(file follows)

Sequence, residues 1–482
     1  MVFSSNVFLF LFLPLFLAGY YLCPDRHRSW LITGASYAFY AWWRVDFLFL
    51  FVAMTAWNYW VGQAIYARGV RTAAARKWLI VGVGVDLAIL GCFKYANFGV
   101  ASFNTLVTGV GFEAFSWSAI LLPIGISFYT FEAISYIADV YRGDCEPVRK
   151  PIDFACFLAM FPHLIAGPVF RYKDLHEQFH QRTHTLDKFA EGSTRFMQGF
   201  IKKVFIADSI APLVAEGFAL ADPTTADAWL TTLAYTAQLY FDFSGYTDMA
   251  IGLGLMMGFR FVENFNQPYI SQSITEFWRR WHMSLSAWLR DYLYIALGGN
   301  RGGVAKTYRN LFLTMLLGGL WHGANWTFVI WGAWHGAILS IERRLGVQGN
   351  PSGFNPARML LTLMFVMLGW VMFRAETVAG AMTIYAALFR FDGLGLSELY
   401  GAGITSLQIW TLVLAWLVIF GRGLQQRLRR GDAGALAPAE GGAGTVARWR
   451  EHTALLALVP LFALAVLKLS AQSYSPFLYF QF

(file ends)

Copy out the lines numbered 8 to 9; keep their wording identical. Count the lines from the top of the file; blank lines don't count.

   301  RGGVAKTYRN LFLTMLLGGL WHGANWTFVI WGAWHGAILS IERRLGVQGN
   351  PSGFNPARML LTLMFVMLGW VMFRAETVAG AMTIYAALFR FDGLGLSELY